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Casino chip counterfeiter may be added to Nevada’s ‘Black Book’

Updated October 5, 2022 - 4:34 pm

The Nevada Gaming Control Board has nominated a Las Vegas man for inclusion to its list of excluded persons, the so-called “black book” of individuals banned from the state’s casinos.

If the Nevada Gaming Commission approves the nomination of Leonard Morgan Hairston to the list, he would become the 37th person added and the second person included since August.

Board members view Hairston as a “more traditional” nominee to the list, an individual convicted multiple times of trying to cheat casinos, compared to the recent addition of Kendrick Laronte Weatherspoon.

When the Gaming Commission added Weatherspoon to the list in August, he was the first person to be added that did not have a history of cheating at gambling or involvement in organized crime. At the time, commissioners discussed the appropriateness of adding a person with a history of assaulting women and forcing women into prostitution at Strip resorts. Ultimately, commissioners voted unanimously to add Weatherspoon.

Its latest nominee, Hairston, was arrested 34 times and had multiple felony convictions for theft and manufacturing and passing counterfeit casino chips.

Deputy Attorney General John Michela, in a presentation to the board, said Hairston was a “serial gaming offender incapable of staying out of trouble.”

“Clearly, he’s kind of a menace to our regulatory oversight of the casinos and I would shudder to think how many more agents we might need if there were many others engaging in the levels of criminal activity that this individual has done,” said board member Philip Katsaros.

Board member Brittnie Watkins said nominating a more traditional offender to the list was an easy call.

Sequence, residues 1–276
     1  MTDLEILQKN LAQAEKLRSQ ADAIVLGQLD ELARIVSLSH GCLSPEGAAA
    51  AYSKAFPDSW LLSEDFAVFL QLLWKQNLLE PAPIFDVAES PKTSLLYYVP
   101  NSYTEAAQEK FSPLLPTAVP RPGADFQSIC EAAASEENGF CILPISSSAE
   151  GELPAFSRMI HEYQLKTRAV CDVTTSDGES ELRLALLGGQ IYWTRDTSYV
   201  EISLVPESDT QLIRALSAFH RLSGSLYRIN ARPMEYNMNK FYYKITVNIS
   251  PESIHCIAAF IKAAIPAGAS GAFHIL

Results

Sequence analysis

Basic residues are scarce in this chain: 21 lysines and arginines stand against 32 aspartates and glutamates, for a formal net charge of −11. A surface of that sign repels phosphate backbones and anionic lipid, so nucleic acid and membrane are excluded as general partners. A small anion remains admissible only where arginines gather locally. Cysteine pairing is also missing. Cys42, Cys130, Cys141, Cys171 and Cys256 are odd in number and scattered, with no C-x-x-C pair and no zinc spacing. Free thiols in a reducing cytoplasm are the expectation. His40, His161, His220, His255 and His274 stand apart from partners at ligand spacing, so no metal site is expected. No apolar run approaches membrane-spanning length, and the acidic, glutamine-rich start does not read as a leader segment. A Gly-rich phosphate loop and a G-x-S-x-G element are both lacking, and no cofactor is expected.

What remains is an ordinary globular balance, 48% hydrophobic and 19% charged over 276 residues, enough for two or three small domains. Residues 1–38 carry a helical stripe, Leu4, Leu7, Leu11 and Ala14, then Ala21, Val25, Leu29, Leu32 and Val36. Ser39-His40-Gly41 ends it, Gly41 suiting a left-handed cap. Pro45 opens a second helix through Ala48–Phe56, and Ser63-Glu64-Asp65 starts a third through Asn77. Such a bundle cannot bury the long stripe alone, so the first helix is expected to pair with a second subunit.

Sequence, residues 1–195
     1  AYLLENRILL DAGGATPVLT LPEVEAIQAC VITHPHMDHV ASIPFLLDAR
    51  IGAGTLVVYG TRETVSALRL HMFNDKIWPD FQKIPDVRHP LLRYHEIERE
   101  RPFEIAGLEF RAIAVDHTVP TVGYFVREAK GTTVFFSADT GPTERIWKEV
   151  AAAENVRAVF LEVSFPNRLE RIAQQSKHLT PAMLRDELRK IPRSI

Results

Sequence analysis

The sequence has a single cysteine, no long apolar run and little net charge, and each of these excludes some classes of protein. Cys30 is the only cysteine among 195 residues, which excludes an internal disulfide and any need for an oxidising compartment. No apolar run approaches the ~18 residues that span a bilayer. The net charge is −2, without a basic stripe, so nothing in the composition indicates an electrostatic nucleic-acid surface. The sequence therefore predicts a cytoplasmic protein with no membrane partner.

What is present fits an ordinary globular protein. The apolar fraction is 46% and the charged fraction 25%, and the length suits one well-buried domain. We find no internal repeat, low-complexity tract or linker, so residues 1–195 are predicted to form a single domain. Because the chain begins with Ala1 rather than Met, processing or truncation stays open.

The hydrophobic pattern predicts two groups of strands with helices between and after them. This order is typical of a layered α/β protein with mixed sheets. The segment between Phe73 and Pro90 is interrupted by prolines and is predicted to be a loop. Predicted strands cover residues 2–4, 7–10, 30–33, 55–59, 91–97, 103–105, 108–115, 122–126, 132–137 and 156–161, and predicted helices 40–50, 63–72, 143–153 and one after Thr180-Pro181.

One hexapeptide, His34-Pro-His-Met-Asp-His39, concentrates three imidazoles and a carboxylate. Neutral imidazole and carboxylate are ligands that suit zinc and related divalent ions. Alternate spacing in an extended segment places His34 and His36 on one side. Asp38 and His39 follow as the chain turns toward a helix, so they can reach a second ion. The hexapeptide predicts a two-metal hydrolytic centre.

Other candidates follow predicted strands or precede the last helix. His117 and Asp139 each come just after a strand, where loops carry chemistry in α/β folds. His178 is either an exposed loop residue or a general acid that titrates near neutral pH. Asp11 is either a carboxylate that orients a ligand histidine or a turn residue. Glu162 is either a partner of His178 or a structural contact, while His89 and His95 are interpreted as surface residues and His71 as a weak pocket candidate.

“We had more conversations about our last nominee because we struggled to find the exact nexus between gaming and his human trafficking within Nevada casinos,” Watkins said. “This one has the direct nexus in that he has been stealing from Nevada casinos and has made Nevada casinos a target of his criminal activity on multiple occasions.”

According to a 2004 police report, Hairston passed two counterfeit $25 Palms chips at the Fremont on Dec. 30.

A cage cashier, who was preparing to send chips from other casinos back to their respective properties, noticed the fakes the next day. The edges of the chips were peeling off, and when the cashier peeled back the Palms logo, he found a Dunes logo underneath. The Dunes closed in 1993.

Hairston allegedly tried to pass another counterfeit $25 Palms chip Dec. 31 at what was then Fitzgeralds, but a cashier noticed it was fake and called casino security.

As security officers approached him, Hairston turned and ran but was caught. Officers found two fake $100 Hard Rock Hotel chips and three bogus $100 chips bearing Bellagio, Mandalay Bay and Luxor logos.

When questioned by security, Hairston said he received the chips from friends and the money he obtains from passing the counterfeit chips is used to buy drugs, according to the police report.

The Gaming Commission is expected to consider Hairston’s exclusion either later this month or in November.

Contact Richard N. Velotta at rvelotta@reviewjournal.com or 702-477-3893. Follow @RickVelotta on Twitter.

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